July 11, 2012

Introduction to Android Development

We are excited to announce the release of the first in a series of courses on Android programming: Course 251, Introduction to Android Development. This one-week introduction leads directly to Course 252, Intermediate Android Development, which will come out later this summer. (A one-week, accelerated Course 255 that runs the gamut will be available at that time as well.)

Though introductory in nature, Course 251 offers a detailed treatment, meant to get serious Java developers well on their way to effective and expert use of the Android API and OS. In keeping with Capstone's general orientation toward larger IT enterprises, we've designed whole Android curriculum from the perspective of the corporate application environment, trying to illustrate not just the neat tricks we make a phone do, but how we can integrate mobile devices into existing enterprise infrastructure.

Insurance screenshotsIndeed, the primary case study, which spans the introductory and intermediate courses, functions as the client end of a multi-tier Java-EE application. It is a field app for insurance adjusters, backed by a RESTful web service on a hypothetical corporate server, with a JPA persistence tier and fully-worked relational database (15 tables, 979 rows) behind it. The final version of the Android application involves 61 Java classes and 45 distinct resource files, and illustrates a range of features:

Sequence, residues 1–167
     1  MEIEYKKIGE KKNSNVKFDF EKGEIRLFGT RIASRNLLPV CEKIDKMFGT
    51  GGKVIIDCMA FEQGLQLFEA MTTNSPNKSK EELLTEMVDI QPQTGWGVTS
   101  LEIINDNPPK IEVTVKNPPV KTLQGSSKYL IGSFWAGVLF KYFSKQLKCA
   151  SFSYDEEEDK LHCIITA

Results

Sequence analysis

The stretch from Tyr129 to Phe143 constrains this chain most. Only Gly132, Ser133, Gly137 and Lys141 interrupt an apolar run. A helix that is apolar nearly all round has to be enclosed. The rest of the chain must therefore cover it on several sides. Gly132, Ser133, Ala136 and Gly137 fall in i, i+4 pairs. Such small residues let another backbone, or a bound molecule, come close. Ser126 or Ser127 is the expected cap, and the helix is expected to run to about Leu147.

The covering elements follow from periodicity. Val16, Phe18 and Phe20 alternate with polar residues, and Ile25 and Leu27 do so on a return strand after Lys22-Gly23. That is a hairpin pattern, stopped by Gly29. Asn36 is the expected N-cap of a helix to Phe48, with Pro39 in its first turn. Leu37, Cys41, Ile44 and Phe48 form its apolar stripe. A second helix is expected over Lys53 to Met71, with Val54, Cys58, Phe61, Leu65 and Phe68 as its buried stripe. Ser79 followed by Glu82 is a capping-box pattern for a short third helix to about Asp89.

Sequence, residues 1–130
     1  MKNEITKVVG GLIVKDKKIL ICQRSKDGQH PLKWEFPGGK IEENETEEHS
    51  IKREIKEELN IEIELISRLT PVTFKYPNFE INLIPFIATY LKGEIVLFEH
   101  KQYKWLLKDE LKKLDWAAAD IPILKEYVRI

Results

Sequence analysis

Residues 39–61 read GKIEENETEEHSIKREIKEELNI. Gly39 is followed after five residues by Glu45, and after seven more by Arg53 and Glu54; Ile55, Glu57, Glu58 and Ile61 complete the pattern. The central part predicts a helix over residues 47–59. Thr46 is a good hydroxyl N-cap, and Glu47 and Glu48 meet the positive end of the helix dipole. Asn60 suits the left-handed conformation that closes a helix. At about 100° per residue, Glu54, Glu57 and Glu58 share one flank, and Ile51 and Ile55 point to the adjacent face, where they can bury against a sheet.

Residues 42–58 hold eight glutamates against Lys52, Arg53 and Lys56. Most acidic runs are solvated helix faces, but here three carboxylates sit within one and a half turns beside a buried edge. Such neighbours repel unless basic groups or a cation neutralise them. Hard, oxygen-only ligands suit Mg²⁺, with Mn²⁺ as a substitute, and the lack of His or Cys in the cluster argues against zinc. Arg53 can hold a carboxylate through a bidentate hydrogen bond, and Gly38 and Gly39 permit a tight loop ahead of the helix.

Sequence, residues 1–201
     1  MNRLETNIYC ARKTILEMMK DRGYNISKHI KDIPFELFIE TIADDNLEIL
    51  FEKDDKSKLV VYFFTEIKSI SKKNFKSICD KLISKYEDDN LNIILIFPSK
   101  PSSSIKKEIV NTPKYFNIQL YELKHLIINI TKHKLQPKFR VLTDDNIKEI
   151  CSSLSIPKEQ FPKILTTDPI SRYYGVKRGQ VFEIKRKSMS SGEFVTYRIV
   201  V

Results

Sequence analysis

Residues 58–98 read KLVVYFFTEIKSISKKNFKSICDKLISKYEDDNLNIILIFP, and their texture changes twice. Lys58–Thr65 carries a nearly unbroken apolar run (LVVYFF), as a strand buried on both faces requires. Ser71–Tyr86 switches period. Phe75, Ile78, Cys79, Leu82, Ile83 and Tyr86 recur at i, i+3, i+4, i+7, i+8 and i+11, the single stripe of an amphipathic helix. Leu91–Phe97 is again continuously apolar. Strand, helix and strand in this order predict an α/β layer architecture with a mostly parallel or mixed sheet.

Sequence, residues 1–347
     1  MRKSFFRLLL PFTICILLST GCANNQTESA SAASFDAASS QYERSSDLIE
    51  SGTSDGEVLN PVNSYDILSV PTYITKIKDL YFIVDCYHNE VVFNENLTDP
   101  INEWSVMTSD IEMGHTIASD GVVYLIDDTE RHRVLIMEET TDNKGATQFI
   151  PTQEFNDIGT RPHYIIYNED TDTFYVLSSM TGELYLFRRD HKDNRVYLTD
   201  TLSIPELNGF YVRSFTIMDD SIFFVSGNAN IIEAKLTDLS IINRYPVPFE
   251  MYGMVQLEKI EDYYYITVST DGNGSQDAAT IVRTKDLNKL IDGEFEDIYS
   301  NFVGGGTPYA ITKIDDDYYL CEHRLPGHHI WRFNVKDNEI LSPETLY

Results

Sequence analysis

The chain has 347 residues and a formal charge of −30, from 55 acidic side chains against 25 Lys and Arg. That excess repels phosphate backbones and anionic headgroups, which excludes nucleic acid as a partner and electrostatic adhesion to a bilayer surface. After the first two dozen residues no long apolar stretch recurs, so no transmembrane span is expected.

• A custom application object to centralize state
  • Custom list views, adapters, and item layouts, including informational graphics implemented as Android drawables
  • Dynamic table-building
  • Low-level touch event handling and gesture detection
  • Options and context menus
  • Custom dialogs
  • A custom theme
  • Use of the remote web service, backed up by local storage for intermittent offline operation, with automated synchronization at the next service connection
  • Multi-threading using asynchronous tasks
  • An Android service that polls the web service for schedule updates and posts broadcast notifications
  • The ability to take photos and upload them as part of a claim adjustment
  • A map view of the user's schedule, with custom markers showing the times and locations of appointments

And as usual for a Capstone course there is a wealth of other working example and exercise code: a flight-booking application, an alarm, games, a drawing application, and many more. The course has been fully tested on the latest Android SDK -- version 2.0 -- and all lab work runs on Eclipse Juno. The course targets the 2.3.3 version of the Android OS -- as even now the giant majority of Android devices are phones running either 2.2 or 2.3 -- and we will be releasing a tablet-savvy version of the curriculum later this year, to keep pace with the surge in adoption of Android 4.x.